Bacterial blight of cowpeas

This is one of the most destructive diseases of cowpeas, according to Dr Alina Mofokeng of the Agricultural Research Council’s Grain Crops Institute.

Bacterial blight of cowpeas
A cowpea plant infected by bacterial blight.
Photo: Supplied

Depending on the cultivar and the plant growth stage during which infection occurs, bacterial blight can reduce yield by up to 92%, and emergence in infected seeds by 67%. Secondary infection can increase plant mortality to 81%.

Bacterial blight is caused by the bacterium Xanthomonas axonopodis pv. vignicola, which occurs in humid and moderate subtropical climates where cowpea is produced.

In South Africa, bacterial blight is a threat in parts of Limpopo, Mpumalanga and KwaZulu-Natal.

This aggressive pathogen is carried on the seeds and can survive in soil, crop residue, and seed, as well as on alternative hosts such as lablab bean, common bean and sunn hemp.

Seed and crop residue are the main source of infection, but it is also spread by insects and wind-driven rain.

Symptoms
Initial symptoms are tiny, water-soaked dots under the leaf. These vary from pinpoint size to more than 1,25cm in diameter, with a yellow halo. They often expand, join up and develop into large necrotic lesions.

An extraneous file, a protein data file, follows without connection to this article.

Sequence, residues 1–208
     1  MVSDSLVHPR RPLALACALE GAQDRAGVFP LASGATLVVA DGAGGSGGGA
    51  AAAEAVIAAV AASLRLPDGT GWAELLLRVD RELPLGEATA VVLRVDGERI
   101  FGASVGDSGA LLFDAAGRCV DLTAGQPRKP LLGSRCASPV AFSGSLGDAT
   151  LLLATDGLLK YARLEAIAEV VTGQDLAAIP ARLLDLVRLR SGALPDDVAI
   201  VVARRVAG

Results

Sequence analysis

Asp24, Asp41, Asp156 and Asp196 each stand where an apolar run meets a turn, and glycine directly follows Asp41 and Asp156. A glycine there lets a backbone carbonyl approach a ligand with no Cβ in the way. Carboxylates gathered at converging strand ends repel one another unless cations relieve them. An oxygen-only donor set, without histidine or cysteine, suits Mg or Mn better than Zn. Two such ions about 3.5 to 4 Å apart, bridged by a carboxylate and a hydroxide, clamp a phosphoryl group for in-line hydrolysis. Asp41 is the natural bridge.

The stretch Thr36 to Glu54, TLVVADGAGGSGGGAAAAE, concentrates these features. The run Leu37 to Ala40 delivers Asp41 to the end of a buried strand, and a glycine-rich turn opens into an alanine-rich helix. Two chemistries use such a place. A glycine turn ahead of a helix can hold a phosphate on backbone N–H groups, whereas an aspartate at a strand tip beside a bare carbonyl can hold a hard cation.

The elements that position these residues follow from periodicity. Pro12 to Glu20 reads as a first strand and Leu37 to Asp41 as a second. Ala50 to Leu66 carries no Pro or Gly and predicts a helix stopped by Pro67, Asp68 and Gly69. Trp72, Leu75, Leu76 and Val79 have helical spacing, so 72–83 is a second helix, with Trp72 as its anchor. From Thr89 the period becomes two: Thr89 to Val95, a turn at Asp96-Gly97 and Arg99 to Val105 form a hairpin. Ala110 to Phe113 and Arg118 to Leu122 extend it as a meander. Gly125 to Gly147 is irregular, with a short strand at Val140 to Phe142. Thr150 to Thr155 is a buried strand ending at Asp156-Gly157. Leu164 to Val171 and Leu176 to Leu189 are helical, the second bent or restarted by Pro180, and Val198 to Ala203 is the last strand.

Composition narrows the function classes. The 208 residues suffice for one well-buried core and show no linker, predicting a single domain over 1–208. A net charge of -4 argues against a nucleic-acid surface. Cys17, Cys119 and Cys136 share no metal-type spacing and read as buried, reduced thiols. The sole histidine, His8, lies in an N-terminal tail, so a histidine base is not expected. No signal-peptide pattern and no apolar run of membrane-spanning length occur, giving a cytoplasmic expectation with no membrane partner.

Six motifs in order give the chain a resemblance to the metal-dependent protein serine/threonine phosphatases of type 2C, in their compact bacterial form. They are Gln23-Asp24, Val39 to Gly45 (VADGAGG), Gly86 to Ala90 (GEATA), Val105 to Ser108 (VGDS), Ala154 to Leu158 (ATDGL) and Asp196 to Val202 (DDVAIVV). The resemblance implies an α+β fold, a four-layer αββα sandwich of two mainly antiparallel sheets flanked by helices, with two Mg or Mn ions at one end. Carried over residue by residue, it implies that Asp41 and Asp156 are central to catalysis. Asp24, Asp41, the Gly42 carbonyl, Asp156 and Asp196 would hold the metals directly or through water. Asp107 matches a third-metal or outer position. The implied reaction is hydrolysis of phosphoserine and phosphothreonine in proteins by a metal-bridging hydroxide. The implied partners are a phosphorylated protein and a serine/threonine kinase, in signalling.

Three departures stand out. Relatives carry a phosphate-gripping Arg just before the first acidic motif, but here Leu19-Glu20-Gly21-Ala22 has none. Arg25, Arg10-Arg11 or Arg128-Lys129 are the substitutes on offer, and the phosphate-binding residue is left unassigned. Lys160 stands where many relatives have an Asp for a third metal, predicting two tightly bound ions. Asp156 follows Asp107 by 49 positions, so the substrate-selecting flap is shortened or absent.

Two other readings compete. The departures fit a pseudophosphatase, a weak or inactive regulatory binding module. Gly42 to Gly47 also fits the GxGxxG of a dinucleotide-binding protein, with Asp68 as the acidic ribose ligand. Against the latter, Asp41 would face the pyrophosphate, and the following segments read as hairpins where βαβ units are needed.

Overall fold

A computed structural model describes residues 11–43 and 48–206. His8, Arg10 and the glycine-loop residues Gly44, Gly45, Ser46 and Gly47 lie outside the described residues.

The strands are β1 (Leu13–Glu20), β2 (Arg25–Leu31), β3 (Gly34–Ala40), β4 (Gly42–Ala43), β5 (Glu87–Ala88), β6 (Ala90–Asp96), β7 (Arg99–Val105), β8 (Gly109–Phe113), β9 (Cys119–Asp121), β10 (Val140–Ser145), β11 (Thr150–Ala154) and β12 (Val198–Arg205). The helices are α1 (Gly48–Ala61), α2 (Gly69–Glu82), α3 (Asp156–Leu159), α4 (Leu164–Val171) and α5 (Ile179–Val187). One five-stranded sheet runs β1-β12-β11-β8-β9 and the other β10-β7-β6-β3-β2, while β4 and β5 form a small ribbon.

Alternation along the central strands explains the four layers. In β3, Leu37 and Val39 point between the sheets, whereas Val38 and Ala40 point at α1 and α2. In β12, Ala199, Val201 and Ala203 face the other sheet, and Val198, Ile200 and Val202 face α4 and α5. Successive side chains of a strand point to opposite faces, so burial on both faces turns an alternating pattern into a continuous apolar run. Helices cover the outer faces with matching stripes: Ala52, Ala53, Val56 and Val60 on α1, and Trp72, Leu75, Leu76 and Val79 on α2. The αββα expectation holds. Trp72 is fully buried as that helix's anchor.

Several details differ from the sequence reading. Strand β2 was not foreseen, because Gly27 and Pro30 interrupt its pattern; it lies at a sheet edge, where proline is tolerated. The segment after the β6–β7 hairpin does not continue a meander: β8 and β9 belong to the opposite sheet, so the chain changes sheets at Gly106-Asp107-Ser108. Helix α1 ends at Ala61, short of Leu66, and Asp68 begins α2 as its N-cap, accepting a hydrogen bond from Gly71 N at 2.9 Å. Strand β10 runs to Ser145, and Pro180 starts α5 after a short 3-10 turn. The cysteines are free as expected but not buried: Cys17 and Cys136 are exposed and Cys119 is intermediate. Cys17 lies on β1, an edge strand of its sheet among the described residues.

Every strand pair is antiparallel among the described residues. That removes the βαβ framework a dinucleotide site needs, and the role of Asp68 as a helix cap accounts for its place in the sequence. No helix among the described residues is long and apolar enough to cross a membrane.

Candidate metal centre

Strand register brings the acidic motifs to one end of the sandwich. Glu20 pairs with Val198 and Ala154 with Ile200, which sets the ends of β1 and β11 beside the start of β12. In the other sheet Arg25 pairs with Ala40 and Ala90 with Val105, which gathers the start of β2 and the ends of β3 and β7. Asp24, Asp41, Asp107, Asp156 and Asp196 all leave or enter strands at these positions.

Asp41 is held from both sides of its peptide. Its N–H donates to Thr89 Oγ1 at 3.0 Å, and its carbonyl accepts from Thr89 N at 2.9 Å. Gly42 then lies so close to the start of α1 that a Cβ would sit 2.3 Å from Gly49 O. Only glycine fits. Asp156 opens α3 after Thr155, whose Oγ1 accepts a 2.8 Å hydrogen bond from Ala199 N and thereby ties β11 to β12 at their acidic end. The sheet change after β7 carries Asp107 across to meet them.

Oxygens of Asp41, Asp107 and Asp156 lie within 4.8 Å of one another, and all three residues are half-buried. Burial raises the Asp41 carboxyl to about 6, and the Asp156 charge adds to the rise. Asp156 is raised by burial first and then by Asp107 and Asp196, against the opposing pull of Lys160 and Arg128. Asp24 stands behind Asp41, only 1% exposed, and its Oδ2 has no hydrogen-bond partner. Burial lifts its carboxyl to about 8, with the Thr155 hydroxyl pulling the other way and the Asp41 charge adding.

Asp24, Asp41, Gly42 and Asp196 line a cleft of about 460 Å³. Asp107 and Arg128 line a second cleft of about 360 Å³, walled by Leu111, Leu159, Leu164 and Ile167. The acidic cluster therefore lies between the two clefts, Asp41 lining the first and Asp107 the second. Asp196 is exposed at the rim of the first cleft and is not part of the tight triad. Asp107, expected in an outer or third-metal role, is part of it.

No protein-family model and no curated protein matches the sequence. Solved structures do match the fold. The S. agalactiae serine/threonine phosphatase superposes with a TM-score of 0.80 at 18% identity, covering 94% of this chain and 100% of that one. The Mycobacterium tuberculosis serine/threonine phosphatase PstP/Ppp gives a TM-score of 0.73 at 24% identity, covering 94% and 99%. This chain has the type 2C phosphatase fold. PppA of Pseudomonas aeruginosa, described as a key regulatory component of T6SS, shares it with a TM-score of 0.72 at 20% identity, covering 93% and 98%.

The pathogen also invades the stem, causing cracking with brown stripes, and the pods, where they manifest as dark green, water-soaked areas.

Infected seeds are discoloured and shrivelled. In a severe infestation, pod development is poor and most of the seeds are shrivelled and unable to germinate.

A threat from season to season
The bacteria can remain viable for nearly 400 days in infected seed and debris at temperatures of 5°C to 10°C, and for 250 days at temperatures between 10°C and 40°C.
The pathogen can survive in the soil for 260 days at 10°C and 100 days at 40°C.

Farmers who plant their own seed from the previous season could suffer a 100% crop loss if the seed is already infected and cool, wet weather conditions prevail.

Control
The disease can be managed in several ways: cultural practices, intercropping cowpea with maize or cassava, planting disease-free seed, and timely application of registered chemicals.

Cowpea genotypes that are resistant to bacterial blight show good potential. It is crucial, however, to monitor the leaf canopy frequently during pod development for early signs of blight symptoms. This will allow you to take appropriate action in time to prevent yield loss.

Phone Dr Alina Mofokeng on 018 299 6398, or email her at [email protected].